2.4b people using the Internet

If a maven is, as Wikipedia maintains, “a trusted expert in a particular field, who seeks to pass knowledge on to others”, then Mary Meeker is definitely a maven.
She started her professional career as a stockbroker at Salomon Brothers, but then morphed into an early version of a technology analyst at Morgan Stanley. Since this firm was the lead manager for the IPO of Netscape in August 1995, which triggered the first internet boom, one might say that she was present at the Creation.
As the boom gathered its frenzied pace, Meeker and a colleague published a slide presentation labelled “The Internet Report”, which became the nearest thing the nascent information-starved industry had to a statistics bible and ensured Meeker`s place in its hall of fame. Publication of the slide deck became an annual event.
Ms Meeker is now a partner in Kleiner Perkins Caufield and Byers, Silicon Valley`s poshest venture capital firm, but she`s still doing her thing. I`ve been wading through her latest “Internet Trends” report, which is an updated version of the one she published in May and has lots of intriguing statistics, some of which have pretty sobering implications.
We will get to the implications in a moment, but first let`s consider some of the numbers. Meeker estimates that 2.4 billion people are now using the net, which is a shade over a third of the world`s population. Overall, the number of internet users is growing at 8 percent a year, but in some countries (Iran, Indonesia, India, the Philippines, Colombia, for example) the growth rates are much higher than that.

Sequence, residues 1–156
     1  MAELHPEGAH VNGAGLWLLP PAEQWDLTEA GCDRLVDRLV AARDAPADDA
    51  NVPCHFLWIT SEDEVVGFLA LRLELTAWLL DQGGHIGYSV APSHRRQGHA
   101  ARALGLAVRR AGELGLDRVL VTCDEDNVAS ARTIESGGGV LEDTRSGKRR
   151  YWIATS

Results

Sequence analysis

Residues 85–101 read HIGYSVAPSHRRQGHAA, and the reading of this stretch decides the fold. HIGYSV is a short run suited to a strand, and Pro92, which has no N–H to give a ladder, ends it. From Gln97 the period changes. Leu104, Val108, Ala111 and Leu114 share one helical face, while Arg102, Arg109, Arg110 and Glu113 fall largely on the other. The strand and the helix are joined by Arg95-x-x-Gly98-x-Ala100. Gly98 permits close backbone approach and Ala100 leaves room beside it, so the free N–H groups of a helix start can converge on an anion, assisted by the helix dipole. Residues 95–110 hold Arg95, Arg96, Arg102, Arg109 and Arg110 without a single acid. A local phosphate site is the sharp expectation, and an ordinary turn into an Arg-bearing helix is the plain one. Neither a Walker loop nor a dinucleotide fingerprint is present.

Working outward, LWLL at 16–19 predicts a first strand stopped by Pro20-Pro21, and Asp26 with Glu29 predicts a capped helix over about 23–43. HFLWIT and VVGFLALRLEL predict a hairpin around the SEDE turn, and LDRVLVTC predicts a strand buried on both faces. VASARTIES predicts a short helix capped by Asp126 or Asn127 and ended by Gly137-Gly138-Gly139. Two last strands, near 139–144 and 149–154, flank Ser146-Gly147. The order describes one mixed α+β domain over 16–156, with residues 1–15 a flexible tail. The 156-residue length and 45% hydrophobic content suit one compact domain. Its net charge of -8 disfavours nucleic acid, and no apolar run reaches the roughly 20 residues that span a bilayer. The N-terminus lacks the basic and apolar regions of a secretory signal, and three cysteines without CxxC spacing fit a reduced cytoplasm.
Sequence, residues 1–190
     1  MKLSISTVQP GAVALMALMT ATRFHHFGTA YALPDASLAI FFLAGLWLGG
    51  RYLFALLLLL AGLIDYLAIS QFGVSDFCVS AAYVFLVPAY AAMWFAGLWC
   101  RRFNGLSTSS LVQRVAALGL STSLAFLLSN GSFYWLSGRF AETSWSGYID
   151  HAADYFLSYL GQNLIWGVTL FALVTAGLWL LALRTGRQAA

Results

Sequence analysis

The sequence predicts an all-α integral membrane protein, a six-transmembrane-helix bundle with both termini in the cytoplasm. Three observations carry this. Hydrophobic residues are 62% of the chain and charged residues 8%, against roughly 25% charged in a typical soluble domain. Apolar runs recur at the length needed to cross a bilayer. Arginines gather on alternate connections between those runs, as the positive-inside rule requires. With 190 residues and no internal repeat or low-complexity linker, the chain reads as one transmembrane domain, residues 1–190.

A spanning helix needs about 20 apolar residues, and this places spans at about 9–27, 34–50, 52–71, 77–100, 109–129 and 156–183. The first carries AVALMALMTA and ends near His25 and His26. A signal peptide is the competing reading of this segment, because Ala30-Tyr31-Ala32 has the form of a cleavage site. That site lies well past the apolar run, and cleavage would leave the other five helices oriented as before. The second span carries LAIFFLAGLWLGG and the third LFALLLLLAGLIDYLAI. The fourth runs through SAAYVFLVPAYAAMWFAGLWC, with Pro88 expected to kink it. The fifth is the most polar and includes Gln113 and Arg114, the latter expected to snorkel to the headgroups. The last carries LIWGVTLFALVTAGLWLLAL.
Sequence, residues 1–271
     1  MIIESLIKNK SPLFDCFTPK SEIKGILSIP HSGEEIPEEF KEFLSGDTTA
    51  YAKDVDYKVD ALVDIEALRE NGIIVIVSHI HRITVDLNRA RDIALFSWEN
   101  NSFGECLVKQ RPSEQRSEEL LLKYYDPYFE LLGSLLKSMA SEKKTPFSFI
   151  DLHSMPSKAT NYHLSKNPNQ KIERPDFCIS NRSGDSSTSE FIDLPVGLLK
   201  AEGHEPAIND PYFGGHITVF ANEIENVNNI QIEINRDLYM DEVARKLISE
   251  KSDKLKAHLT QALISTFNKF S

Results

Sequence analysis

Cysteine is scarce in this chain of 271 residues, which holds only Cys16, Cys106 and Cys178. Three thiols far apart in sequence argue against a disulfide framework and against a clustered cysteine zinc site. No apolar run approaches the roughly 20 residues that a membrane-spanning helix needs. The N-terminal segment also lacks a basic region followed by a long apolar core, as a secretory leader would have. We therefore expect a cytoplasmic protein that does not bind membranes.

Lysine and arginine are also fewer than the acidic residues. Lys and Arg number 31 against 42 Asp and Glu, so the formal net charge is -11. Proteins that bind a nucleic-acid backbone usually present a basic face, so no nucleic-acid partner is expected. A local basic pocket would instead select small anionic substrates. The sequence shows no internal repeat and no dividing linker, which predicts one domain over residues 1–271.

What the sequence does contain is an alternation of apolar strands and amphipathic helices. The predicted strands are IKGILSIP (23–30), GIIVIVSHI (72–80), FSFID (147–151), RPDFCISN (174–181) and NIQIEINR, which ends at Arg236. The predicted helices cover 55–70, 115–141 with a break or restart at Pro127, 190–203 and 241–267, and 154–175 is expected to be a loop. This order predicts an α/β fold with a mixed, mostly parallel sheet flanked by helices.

But it`s when one sees how all these people access the net that the data leap into life. Meeker claims that the world now has 1.1 billion smartphone users – people who can access the Internet and use the web via a handheld device.
This trend is reinforced by other developments. A third of US adults now own a tablet or e-reader (up from 2% less than three years ago). And Apple`s iPad is the fastest-selling mobile device of all time (which, in the Internet world, means “until the next Big Thing”). There`s a serious trend here.
The really staggering figures, however, are those relating to how people use their mobile devices. They already account for 13 percent of all internet traffic. This year, 24 percent of all online shopping on “black Friday” in the US was done via mobiles (up from 6 percent two years ago). And Meeker claims that in May this year mobile internet traffic in India overtook PC-based traffic.

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